David Keilin

David Keilin FRS[1] (21 March 1887 – 27 February 1963) was a Jewish scientist focusing mainly on entomology.[3]

David Keilin
David Keilin 1931.jpg
David Keilin in 1931
Born21 March 1887 (1887-03-21)
Died27 February 1963 (1963-02-28) (aged 75)
Alma materUniversity of Liège
Magdalene College, Cambridge
Known forCytochrome
AwardsFellow of the Royal Society[1]
Royal Medal (1939)
Copley Medal (1951)
Scientific career
FieldsEntomology and parasitology
InstitutionsUniversity of Cambridge
Doctoral advisorGeorge Nuttall[citation needed]
Author abbrev. (botany)

Background and educationEdit

He was born in Moscow in 1887 and his family returned to Warsaw early in his youth.[4] He did not attend school until age ten due to ill health and asthma. Only seven years later, in 1904, he enrolled in the University of Liège. He later studied at Magdalene College, Cambridge, and became a British citizen.


Keilin became research assistant to George Nuttall, first Quick Professor of Biology at the University of Cambridge, in 1915, and spent the rest of his career there, succeeding Nuttall as Quick Professor and director of the Molteno Institute in 1931. He retired in 1952.

He made extensive contributions to entomology and parasitology during his career. He published thirty-nine papers between 1914 and 1923 on the reproduction of lice, the life-cycle of the horse bot-fly, the respiratory adaptations in fly larvae, and other subjects.

He is most known for his research and rediscovery of cytochrome[5] in the 1920s (he invented the name). It had been discovered by C. A. MacMunn in 1884, but that discovery had been forgotten or misunderstood.[6]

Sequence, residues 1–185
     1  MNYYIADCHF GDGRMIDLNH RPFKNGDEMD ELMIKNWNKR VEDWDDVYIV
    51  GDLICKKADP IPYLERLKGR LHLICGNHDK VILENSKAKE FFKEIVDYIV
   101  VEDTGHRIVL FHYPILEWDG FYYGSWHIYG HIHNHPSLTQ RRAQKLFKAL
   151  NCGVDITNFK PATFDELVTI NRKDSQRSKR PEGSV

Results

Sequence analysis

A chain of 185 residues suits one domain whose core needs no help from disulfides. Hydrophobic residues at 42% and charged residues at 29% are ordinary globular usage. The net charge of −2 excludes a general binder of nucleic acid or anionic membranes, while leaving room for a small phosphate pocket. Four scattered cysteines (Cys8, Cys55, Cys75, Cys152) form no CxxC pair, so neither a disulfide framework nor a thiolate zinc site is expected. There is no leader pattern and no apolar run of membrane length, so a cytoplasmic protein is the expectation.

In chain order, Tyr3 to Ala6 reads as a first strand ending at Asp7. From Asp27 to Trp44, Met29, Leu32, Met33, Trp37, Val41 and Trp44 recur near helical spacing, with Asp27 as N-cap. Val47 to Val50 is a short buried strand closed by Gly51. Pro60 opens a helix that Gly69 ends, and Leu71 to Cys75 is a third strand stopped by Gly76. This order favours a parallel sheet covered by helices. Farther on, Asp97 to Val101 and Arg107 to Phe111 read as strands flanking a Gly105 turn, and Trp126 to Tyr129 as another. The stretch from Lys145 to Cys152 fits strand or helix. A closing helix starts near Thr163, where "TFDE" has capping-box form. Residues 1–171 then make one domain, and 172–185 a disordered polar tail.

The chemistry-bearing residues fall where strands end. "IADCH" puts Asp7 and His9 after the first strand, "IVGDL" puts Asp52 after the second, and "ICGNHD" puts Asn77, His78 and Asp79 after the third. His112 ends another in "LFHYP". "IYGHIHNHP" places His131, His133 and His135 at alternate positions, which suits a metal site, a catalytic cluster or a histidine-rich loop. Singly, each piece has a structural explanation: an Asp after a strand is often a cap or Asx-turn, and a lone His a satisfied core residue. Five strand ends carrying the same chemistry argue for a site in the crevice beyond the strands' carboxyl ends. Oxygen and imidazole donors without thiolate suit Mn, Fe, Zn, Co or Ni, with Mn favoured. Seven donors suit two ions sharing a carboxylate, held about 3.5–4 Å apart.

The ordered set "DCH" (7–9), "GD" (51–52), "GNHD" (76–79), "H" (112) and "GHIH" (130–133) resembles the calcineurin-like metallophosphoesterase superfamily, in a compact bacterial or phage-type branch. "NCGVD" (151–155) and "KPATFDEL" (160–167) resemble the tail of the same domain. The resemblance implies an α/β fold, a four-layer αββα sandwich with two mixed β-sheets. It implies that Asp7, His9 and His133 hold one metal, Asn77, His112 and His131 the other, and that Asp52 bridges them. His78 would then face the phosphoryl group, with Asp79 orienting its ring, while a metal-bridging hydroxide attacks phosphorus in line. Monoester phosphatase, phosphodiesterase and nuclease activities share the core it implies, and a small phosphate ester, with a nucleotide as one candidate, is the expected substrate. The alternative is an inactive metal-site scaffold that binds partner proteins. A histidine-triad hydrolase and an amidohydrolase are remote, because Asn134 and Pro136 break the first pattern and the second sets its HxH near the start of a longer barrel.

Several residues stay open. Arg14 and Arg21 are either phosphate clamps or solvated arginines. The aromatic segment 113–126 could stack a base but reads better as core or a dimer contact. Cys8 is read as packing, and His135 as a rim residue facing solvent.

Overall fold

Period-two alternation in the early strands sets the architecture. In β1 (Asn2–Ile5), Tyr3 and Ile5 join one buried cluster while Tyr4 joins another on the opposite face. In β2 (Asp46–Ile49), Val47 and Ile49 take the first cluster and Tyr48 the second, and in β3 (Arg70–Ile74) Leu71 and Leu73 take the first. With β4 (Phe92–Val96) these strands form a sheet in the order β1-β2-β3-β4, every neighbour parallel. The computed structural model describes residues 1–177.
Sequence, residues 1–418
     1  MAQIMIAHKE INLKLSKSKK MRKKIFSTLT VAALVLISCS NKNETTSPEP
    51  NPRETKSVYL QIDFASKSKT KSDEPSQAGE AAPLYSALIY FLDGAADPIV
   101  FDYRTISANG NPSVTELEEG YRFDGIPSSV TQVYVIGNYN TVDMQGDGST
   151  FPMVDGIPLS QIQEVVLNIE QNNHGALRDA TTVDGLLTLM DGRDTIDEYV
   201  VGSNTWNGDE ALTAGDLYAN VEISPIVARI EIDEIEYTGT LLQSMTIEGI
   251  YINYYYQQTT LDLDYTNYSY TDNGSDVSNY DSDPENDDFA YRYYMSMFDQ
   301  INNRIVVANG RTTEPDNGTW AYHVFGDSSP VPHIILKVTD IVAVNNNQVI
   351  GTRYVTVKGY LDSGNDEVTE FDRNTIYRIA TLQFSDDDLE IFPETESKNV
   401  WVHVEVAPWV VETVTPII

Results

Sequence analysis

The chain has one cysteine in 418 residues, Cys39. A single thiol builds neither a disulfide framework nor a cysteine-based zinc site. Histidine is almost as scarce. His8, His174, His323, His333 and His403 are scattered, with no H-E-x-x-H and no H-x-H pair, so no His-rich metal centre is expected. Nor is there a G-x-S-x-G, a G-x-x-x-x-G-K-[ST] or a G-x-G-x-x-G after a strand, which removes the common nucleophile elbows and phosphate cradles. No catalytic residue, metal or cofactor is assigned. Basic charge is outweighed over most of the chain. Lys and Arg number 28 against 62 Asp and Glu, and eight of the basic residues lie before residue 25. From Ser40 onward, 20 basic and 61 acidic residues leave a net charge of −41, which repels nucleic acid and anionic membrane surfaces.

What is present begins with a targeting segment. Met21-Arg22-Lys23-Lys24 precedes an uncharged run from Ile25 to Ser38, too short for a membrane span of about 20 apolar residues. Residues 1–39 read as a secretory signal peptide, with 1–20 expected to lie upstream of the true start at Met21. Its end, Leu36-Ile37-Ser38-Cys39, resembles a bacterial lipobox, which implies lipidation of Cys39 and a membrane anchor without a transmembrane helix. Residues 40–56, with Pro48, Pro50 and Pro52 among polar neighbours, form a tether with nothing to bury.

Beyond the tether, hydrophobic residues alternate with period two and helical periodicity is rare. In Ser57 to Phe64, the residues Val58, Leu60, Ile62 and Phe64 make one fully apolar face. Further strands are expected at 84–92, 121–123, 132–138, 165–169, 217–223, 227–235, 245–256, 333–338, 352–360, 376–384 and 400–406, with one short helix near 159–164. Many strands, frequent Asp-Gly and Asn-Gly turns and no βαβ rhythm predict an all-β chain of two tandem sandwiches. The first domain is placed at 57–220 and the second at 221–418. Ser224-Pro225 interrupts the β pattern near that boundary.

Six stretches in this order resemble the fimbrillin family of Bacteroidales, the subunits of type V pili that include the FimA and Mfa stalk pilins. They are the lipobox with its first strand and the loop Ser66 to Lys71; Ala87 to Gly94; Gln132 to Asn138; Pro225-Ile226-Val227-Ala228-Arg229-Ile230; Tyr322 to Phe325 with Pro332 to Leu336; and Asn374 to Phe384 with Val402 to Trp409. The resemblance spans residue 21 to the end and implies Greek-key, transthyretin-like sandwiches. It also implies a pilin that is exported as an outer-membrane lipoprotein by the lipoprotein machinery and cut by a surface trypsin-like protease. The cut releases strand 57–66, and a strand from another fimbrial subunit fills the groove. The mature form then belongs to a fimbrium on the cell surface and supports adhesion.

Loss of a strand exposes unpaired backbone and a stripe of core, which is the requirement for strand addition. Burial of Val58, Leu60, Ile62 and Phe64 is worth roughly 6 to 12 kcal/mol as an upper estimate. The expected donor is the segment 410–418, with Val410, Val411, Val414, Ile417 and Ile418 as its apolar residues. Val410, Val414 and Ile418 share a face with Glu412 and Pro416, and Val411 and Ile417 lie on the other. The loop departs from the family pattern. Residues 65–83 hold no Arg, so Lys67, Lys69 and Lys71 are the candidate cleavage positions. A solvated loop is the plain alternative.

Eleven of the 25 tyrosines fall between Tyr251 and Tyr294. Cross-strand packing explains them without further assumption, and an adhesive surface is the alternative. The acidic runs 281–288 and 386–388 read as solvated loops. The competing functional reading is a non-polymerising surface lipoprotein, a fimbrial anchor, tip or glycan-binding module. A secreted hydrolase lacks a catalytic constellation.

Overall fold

Awards and honoursEdit

Keilin was elected a Fellow of the Royal Society in 1926.[1] He won its Royal Medal in 1939 and its Copley Medal in 1951.


The Keilin Memorial Lecture[7] of the Biochemical Society began in 1964 in his memory, and recipients and the subject of their talk is selected by a committee reflecting Keilin's interests in bioenergetics, electron transfer and mitochondrial biology. A medal with his profile, a financial award and an opportunity for research publication is also awarded. In 2020, the recipient was the University of Cambridge's Prof Judy Hirst.[8]


  1. ^ a b c Mann, T. (1964). "David Keilin. 1887-1963". Biographical Memoirs of Fellows of the Royal Society. 10: 183–205. doi:10.1098/rsbm.1964.0011.
  2. ^ International Plant Names Index.  Keilin.
  3. ^ Hartree, E. F. (1963). "Obituary Notice: David Keilin (1887-1963)". The Biochemical Journal. 89 (1): 1–5. doi:10.1042/bj0890001. PMC 1202263. PMID 14097361.
  4. ^ Erling Norrby (6 September 2016). Nobel Prizes and Notable Discoveries. World Scientific. pp. 244–. ISBN 978-981-314-466-8.
  5. ^ Ferguson, S. J. (2001). "Keilin's Cytochromes: How Bacteria Use Them, Vary Them and Make Them". Biochemical Society Transactions. 29 (6): 629–640. doi:10.1042/bst0290629.
  6. ^ Hartree, E. F. (1 October 1973). "The discovery of cytochrome". Biochemical Education. 1 (4): 69–71. doi:10.1016/0307-4412(73)90074-5.
  7. ^ "The Keilin Memorial Lecture".
  8. ^ "Professor Judy Hirst FRS receives Keilin Memorial Lecture Award". Corpus Christi College University of Cambridge. 1 April 2019. Retrieved 16 August 2020.